buzz feiten tuning system

Guitar Hardware School: Nuts II - Compensated Nuts

Most nuts have a pretty simple design. The strings sit in slots and 'take off' from the front edge of the nut. This marks what is effectively the 'zero-fret' position and each string 'starts' at that same zero location. 

It doesn't have to, though.  

It's possible to move the starting point for each string slightly back towards the headstock or forwards towards the bridge.  

Why would you do such a thing? 

Well, in a similar way to that in which your bridge saddles are compensated to intonate the guitar and help provide some tuning consistency all over the neck, the nut can also be compensated to help a guitar play more in tune. 

I should note that, when talking about playing in tune or tuning consistency here, I'm not discussing the way a guitar slip out of tune. I'm talking about the way each note (open and fretted) should be neither too sharp or too flat compared to what it should be. For instance, if I play fret the third fret of the fifth string, I want to hear an in-tune C note. 

Compensation

Compensation is the adjustment of a string's length so that it plays as closely as possible in tune at each fret position. Generally, on a guitar, we compensate (or intonate) by moving the position of the bridge saddles. On an acoustic guitar, you'll have noticed the saddle is generally installed at a slight angle—so the sixth string is a little longer than the first. It's possible to further compensate the acoustic saddle itself.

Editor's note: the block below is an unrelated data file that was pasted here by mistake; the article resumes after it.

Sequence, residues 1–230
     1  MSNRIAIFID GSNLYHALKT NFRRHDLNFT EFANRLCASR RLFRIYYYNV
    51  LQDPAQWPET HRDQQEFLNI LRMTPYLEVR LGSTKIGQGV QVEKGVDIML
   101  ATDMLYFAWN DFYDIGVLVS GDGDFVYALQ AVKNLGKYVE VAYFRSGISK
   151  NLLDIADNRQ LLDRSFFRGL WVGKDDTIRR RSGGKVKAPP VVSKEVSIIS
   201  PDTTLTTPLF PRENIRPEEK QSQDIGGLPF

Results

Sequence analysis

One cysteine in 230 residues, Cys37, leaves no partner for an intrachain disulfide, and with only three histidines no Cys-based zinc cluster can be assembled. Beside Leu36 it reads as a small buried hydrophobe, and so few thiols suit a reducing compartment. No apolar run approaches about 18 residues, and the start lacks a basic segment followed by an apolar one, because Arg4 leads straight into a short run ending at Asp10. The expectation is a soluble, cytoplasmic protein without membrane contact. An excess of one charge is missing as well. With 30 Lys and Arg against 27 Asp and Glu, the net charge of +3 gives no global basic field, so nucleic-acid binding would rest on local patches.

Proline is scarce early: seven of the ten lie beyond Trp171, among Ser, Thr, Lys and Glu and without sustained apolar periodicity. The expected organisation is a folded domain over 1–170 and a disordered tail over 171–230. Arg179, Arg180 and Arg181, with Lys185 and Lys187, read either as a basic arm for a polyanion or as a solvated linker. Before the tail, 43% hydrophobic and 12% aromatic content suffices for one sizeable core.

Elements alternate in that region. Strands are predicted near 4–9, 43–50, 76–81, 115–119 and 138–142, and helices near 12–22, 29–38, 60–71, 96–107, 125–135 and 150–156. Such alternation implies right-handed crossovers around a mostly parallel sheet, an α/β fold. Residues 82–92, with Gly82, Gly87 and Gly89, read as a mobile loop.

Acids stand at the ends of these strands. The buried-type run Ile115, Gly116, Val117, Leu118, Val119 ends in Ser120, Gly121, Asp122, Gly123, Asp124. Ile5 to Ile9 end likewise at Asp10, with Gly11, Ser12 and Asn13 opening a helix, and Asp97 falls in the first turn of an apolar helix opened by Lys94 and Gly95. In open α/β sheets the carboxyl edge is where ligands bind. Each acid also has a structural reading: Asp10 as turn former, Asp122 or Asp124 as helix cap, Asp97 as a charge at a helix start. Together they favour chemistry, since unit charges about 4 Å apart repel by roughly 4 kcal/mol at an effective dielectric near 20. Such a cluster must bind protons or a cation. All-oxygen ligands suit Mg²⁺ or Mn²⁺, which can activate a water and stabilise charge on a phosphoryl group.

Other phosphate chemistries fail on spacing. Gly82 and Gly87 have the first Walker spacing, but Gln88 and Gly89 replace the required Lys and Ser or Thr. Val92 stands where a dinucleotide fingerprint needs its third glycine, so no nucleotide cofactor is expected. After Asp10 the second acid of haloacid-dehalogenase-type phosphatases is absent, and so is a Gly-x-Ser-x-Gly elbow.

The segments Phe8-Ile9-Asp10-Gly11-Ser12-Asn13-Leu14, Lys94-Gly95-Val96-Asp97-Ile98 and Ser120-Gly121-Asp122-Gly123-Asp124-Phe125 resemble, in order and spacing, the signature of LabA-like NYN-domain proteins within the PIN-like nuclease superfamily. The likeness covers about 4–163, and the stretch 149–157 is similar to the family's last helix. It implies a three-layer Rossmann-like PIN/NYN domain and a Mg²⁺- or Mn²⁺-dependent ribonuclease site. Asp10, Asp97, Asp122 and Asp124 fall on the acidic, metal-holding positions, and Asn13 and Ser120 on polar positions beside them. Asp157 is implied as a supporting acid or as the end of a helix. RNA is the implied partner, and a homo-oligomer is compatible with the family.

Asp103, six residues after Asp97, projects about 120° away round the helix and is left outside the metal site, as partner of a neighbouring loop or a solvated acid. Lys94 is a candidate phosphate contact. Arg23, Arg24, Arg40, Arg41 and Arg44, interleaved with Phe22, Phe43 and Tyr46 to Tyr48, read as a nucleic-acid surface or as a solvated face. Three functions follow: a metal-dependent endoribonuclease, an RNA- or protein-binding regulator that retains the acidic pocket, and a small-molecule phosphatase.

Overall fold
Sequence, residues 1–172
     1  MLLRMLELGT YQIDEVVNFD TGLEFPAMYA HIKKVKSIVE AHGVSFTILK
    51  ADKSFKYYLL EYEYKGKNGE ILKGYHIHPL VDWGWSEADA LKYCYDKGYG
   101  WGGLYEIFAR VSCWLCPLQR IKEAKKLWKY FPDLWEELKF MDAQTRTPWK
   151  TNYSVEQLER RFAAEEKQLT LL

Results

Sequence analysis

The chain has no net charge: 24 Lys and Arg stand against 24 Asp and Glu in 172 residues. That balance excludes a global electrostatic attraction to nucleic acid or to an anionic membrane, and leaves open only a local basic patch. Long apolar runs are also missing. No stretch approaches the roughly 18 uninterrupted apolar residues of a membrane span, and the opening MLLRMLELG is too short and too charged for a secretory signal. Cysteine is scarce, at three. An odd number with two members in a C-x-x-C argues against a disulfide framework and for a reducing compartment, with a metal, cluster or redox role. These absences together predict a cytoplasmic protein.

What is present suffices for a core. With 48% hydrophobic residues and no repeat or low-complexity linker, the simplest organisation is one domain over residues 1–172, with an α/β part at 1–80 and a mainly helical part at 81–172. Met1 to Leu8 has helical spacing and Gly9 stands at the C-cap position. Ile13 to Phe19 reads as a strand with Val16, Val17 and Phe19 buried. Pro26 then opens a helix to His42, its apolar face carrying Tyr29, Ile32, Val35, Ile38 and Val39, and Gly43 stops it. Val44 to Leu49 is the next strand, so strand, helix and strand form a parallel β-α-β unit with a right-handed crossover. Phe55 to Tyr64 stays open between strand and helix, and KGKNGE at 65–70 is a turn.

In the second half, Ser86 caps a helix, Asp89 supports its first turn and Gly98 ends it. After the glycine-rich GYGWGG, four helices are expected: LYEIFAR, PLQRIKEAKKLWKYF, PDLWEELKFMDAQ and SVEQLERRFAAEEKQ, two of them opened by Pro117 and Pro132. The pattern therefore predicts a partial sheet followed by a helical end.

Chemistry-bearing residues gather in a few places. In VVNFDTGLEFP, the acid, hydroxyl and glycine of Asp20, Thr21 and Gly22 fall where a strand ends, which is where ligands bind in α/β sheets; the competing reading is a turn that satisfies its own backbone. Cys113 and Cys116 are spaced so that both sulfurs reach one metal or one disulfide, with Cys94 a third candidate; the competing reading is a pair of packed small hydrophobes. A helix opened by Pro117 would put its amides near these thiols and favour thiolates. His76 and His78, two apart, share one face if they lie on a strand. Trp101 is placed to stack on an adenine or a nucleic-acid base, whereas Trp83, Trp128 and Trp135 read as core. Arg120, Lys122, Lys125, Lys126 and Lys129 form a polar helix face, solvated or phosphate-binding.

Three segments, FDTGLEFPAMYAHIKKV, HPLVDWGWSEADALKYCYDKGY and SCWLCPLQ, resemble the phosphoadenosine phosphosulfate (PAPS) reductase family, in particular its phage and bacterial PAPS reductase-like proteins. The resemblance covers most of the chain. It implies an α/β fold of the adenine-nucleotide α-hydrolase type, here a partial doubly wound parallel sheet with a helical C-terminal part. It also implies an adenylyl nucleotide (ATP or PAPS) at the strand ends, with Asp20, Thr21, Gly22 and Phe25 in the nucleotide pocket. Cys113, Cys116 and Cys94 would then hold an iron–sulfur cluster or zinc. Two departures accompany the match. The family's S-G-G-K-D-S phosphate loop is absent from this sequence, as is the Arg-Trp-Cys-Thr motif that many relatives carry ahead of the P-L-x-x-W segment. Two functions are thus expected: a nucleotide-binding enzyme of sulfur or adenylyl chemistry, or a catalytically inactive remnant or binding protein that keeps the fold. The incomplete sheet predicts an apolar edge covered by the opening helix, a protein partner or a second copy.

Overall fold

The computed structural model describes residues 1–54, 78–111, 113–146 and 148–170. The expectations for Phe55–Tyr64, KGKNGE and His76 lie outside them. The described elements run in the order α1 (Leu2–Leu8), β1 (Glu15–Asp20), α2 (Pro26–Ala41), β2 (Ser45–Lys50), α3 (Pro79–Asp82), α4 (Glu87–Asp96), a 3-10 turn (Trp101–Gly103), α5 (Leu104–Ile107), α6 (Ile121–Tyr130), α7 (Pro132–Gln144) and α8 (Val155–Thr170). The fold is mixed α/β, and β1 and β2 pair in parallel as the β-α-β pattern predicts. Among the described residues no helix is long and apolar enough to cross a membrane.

Even the best setup guitar can still have some fret positions where a sensitive ear can hear some inconsistencies. In many cases, this hangs around the first few positions.  

How to address this? 

The Compensated Nut

A compensated nut on your guitar or bass moves the 'take-off' point for the string back or forwards in an effort to improve overall tuning consistency. It's essentially the same process as for the bridge.

Music Man compensated nuts at back. Buzz Feiten shelf-nut blanks in front

Some manufacturers, such as Music Man, fit compensated nuts to their instruments as standard. Each string slot has a shifted 'edge' or take-off point.

It's also possible to have a compensated nut retro-fitted to your guitar or bass.  

The big players on the retro-fit scene are mostly Buzz Feiten and Earvana. These take slightly different approaches to address similar problems. Earvana's nut is similar to the Music Man nuts pictured above (and, in fact, I seem to recall a lawsuit between those two companies on the subject). Earvana adjusts each string by a different amount and the instrument is then set-up and tuned as normal. 

The Buzz Feiten system uses a 'shelf' nut that moves the string's take-off point closer to the bridge by a particular distance (calculated based on a number of factors including string-gauge, scale-length and fret-width). Each string is moved by the same amount but the instrument is intonated differently to 'sweeten' the tunings. When tuning the guitar, you tune to the 'E' note on each string rather than tuning the open strings (or just simply use a Feiten-approved tuner). 

Both approaches can make for very good results. Personally, I prefer the Buzz Feiten as I think it looks and sounds better (it's a bone nut) and more 'musically correct'. Full disclosure: I do have a dog in this race, though, as I'm an authorised Buzz Feiten fitter

The Bottom Line: Is It Worth Upgrading?